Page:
Tagan TurboJet TG1100-U95 1,100 W Power Supply
By Gabriel Torres on December 2, 2006
With AMD’s Quad FX platform now available – featuring two dual-core Athlon 64 FX CPUs, up to four video cards and up to 12 hard disk drives – power supplies reaching 1,000 W may become more and more common among very high-end gamers. Tagan fills this space with its TurboJet TG1100-U95, a 1,100 W power supply that has a terrific aesthetics. We completely disassembled this beast to see if what was inside the box was on the same level of what was outside. Read on.
The presentation of this product is really impressive. It comes in a very good-looking high-quality leather case, which you can definitely use for a different purpose after you install the power supply on your system – for instance, you can use it as fancy toolbox.
On Figures 2 and 3 you have an overall look of TurboJet TG1100-U95.
It is a high-end power supply with active PFC. Instead of having a big 120 mm fan on its bottom it has two 80 mm fans, one at its front and the other at its back. We prefer the 120 mm fan approach, as it provides a better airflow with lower noise level. This power supply has the same size as a conventional ATX power supply, which drew our attention, as Galaxy 1000 W from Enermax had to be bigger in order to accommodate all necessary components to deliver true 1,000 W of power – and this model from Tagan is labeled 1,100 W. This gave us a hint that we needed to take a careful look at its internal design.
As you can see in Figure 3, this power supply does not have a modular cabling system, and this is one of the major flaws of this power supply, and we will explain why in just a few moments.
This power supply comes with four independent auxiliary PCI Express power cables for feeding up to four video cards. These cables use a top-notch rigid rounded sleeving with a ferrite bead at one of the ends (this component works as a filter), which is great. What immediately caught our eye was that these cables are identical to the ones used by OCZ ModStream 520 W, so this gave us a clue that the real manufacturer of this Tagan power supply could be the same real manufacturer of OCZ ModStream 520 W (and in fact it is: Topower).
There is a colored sticker on each ferrite bead identifying each cable: PCIE-1 through PCIE-4. The connectors used are also top notch, very different from the standard connector.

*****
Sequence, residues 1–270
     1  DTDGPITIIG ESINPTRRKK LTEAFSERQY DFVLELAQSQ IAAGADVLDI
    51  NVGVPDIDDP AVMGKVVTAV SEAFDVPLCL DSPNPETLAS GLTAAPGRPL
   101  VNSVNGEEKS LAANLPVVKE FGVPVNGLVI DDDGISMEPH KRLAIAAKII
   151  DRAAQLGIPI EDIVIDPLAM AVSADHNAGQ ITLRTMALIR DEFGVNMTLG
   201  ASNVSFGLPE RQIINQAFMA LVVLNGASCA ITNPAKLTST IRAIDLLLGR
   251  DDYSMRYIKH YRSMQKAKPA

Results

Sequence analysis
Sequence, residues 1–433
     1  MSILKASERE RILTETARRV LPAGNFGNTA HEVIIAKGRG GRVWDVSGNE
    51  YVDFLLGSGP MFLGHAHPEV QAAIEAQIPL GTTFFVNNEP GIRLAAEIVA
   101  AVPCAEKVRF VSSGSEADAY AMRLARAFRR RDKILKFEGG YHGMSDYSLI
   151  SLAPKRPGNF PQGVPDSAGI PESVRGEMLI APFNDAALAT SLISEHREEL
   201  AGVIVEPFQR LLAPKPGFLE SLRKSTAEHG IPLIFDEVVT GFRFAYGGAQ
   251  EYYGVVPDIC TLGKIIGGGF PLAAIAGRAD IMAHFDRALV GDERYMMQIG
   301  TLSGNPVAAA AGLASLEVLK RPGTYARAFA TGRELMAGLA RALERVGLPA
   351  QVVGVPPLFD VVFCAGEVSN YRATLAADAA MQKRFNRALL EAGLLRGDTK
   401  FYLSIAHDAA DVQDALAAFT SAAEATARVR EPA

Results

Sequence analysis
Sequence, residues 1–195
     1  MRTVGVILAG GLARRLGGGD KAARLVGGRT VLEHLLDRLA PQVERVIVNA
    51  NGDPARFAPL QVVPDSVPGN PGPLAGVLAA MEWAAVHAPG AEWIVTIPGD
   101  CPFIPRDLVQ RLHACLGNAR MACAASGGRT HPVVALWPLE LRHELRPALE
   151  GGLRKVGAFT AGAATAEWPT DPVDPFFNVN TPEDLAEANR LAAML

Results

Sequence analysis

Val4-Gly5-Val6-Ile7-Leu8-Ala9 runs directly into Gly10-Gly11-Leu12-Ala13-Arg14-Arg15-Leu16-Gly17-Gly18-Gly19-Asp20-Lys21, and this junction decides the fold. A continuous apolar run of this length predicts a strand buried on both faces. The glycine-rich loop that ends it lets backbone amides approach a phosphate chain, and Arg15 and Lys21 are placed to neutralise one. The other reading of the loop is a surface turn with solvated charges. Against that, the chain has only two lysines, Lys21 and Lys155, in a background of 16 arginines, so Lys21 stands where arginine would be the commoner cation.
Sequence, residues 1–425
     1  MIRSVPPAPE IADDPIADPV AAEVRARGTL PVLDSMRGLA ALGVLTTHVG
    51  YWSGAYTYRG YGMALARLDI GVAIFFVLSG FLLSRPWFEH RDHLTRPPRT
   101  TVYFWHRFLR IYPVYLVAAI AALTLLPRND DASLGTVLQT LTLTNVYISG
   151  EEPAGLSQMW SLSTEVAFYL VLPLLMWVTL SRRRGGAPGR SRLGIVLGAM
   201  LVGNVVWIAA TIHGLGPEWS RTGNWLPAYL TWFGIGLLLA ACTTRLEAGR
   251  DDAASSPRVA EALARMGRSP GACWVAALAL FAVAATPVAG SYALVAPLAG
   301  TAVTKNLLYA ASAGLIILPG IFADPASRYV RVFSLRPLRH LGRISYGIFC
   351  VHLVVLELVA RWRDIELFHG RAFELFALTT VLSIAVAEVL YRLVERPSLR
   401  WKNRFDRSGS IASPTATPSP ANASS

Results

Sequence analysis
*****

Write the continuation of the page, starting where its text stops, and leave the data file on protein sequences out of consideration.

One problem with this power supply is that unless you have four video cards on your system, you will have unused auxiliary PCI Express cables hanging inside your PC, blocking the airflow. If this power supply used a modular cabling system, you could simply remove the unused cables.
There are three other cables using the same rigid rounded sleeving with a ferrite bead, the ATX12V connector, the EPS12V connector and one standard peripheral connector. They also use better connectors compared to the standard connector used by other power supplies.
This power supply comes with an external ground cable (using a thick 12 AWG wire and a gold-plated terminal), for you to connect it to the metallic chassis from your case. This is the first power supply we’ve seen coming with this feature. Inside the power supply this cable is connected to the DC ground, i.e., connected together with all black wires used by the power supply cables.
The AC power cord has gold-plated terminals, a really fancy feature. It also has a ferrite bead, which works as a filtering device.
Tagan TG1100-U95 uses a 24-pin motherboard connector that can be transformed into a 20-pin one, see Figure 10. This main motherboard cable uses 16 AWG wires (the wires used by the standard peripheral cables are thinner, 18 AWG).
This power supply comes with four adapters that allow you to convert any Serial ATA power connector into a standard peripheral power connector. This is the first time we saw this feature.
This power supply comes with nine peripheral power cables: four PCI Express auxiliary power cables, one “special” standard peripheral cable with just one connector, two Serial ATA power cables with three SATA power connectors each, one Serial ATA power cable with four SATA power connectors and one peripheral power cable with three standard peripheral connectors. This power supply also comes with one “Y” cable for converting one standard peripheral connector into two floppy disk drive power connectors. It also comes with four adapters that convert the SATA power connectors into standard peripheral connectors, as mentioned earlier.
We decided to fully disassemble this power supply to take a look inside and see if its internal design was on the same level as its external design.